Barring a surprise arrival of the kind of gully washers Texas is getting these days, Los Angeles' driest year in 130 years of record-keeping will go into the books this weekend.

Cloud Lightning

Flashback "Night-shining" clouds bring mystery; Once confined to Earth's poles, the bizarre clouds have now been spotted above central Colorado

Since their discovery 120 years ago, strangely luminescent clouds called noctilucent clouds have been creeping slowly toward the equator.

©Denver Post
This hauntingly beautiful noctilucent cloud was photographed over the Juneau, Alaska, ice field in 1998. Once confined to Earth's poles, the clouds have been spotted above Colorado.


A mystery: NASA satellite captures first view of 'night-shining' clouds

A NASA satellite has captured the first occurrence this summer of mysterious iridescent polar clouds that form 50 miles above Earth's surface.

The first observations of these clouds by the Aeronomy of Ice in the Mesosphere (AIM) satellite occurred above 70 degrees north on May 25. Observers on the ground began seeing the clouds on June 6 over northern Europe. AIM is the first satellite mission dedicated to the study of these unusual clouds.

These mystifying clouds are called Polar Mesospheric Clouds, or PMCs, when they are viewed from space and referred to as "night-shining" clouds, or noctilucent clouds, when viewed by observers on Earth. The clouds form during the Northern Hemisphere's summer season that begins in mid-May and extends through the end of August. They are being seen by AIM's instruments more frequently as the season progresses. The clouds also are seen in the high latitudes of the Southern Hemisphere during the summer months.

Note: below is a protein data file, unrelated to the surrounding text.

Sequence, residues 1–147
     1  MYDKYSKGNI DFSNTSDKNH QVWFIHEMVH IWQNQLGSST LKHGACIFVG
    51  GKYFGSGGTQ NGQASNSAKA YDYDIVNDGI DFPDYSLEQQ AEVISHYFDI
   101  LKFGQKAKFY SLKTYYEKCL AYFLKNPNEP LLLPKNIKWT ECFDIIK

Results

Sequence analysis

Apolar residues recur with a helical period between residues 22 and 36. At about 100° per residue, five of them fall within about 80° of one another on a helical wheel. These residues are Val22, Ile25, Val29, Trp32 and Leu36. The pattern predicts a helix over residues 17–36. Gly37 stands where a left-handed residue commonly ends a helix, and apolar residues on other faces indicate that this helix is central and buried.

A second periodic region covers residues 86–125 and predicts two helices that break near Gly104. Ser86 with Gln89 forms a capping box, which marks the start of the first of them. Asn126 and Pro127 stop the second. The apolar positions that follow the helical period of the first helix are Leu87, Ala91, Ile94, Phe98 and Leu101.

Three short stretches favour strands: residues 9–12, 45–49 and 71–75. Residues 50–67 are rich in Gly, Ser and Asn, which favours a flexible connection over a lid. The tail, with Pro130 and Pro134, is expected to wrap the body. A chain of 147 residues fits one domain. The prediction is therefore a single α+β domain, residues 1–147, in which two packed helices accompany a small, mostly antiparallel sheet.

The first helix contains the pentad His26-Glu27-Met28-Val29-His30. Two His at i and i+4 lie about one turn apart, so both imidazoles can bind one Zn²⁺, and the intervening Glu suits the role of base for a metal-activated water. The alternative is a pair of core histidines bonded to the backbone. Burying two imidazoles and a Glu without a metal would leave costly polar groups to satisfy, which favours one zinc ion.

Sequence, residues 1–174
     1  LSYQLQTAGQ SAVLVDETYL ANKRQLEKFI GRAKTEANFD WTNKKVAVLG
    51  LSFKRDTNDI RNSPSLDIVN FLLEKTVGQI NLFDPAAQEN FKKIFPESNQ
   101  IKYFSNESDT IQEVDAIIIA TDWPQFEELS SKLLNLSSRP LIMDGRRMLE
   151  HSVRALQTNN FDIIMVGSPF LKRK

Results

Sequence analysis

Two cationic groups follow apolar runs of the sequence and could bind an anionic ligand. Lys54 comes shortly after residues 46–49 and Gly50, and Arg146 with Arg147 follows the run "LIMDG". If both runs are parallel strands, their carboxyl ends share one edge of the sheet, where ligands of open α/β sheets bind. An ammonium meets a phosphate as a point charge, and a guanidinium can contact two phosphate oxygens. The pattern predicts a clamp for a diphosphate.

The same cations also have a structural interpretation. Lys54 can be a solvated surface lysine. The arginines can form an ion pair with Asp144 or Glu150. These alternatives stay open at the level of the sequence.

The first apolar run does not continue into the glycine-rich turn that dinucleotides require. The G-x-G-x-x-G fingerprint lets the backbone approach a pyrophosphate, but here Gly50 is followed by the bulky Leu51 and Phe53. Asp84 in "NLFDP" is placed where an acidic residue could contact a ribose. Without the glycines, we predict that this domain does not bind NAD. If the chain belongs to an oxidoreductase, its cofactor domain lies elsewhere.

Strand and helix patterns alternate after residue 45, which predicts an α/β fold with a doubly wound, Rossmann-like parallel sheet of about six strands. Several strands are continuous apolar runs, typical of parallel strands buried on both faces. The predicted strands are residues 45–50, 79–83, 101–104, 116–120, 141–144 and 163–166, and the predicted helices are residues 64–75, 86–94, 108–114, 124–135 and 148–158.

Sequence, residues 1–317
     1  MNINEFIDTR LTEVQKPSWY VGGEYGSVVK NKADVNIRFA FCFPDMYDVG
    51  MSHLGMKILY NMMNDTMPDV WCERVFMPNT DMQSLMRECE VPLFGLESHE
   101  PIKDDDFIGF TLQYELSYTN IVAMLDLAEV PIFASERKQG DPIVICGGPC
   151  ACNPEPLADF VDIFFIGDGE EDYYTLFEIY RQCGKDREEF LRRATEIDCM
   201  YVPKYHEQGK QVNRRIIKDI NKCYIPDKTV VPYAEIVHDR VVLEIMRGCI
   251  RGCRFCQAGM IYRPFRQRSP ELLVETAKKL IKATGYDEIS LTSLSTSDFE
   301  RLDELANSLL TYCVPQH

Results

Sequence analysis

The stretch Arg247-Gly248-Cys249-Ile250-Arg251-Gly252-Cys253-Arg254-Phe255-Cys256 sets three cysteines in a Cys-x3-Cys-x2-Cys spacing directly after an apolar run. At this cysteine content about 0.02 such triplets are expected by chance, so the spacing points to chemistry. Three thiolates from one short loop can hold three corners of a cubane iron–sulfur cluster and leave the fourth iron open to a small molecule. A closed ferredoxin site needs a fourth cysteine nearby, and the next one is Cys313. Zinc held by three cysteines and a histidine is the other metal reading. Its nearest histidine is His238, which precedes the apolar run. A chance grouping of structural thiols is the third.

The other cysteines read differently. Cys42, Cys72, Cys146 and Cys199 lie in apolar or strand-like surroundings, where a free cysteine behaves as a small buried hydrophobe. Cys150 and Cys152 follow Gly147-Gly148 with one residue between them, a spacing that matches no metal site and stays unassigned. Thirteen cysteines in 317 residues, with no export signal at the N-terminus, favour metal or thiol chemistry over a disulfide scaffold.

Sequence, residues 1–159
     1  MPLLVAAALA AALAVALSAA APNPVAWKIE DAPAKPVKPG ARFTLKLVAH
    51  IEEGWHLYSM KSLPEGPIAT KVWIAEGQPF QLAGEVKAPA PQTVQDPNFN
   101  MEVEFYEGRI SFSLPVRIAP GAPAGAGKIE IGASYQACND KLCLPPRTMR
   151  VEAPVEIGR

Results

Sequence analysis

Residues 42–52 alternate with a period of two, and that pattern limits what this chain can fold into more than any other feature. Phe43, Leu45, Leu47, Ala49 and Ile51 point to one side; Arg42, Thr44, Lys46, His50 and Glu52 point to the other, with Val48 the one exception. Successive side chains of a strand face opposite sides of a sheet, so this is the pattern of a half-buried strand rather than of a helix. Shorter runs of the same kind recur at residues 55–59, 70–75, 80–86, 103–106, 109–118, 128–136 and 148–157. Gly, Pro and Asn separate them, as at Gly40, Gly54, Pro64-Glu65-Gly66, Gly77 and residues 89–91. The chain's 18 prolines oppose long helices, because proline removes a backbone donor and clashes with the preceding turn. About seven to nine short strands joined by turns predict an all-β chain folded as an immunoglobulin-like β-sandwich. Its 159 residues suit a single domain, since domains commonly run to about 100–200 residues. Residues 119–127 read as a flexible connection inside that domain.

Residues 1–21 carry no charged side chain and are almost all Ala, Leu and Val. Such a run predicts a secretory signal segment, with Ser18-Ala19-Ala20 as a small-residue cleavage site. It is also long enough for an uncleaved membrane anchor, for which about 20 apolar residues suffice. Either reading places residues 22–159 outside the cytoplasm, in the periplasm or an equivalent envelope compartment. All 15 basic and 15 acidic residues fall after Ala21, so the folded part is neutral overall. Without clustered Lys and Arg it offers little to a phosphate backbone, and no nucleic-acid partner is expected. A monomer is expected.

Very little is known about how these clouds form over the poles, why they are being seen more frequently and at lower latitudes than ever before, or why they have been growing brighter. AIM will observe two complete polar mesospheric cloud seasons over both poles, documenting for the first time the entire, complex life cycle of PMCs.

Comment: The article starts out by assuming it's a change in the atmosphere that's creating the clouds, but then later on says, "The Cosmic Dust Experiment is recording the amount of space dust that enters Earth's atmosphere to help scientists assess the role this dust plays in PMC formation." So which is it? Could the dust be a pre-swarm indicator?

If so, the dust would have to come from particles big enough not to be blasted out by the solar wind, implying that small meteors are responsible which would explain the increasing number of fireballs seen worldwide in the past few years. It's all speculation, but the point is not to assume that it's an atmospheric change only.

Red Flag

2 Die in Greece Forest Fires

©AP Photo/Petros Giannakouris
Children play in an Athens park in front of smoke from a forest fire in Dervenohoria, north-west of the capital

ATHENS, Greece - Wildfires swept through Greece on Thursday, killing two people and destroying homes after days of record temperatures of more than 100 degrees that led to at least nine heatstroke deaths and extensive power cuts.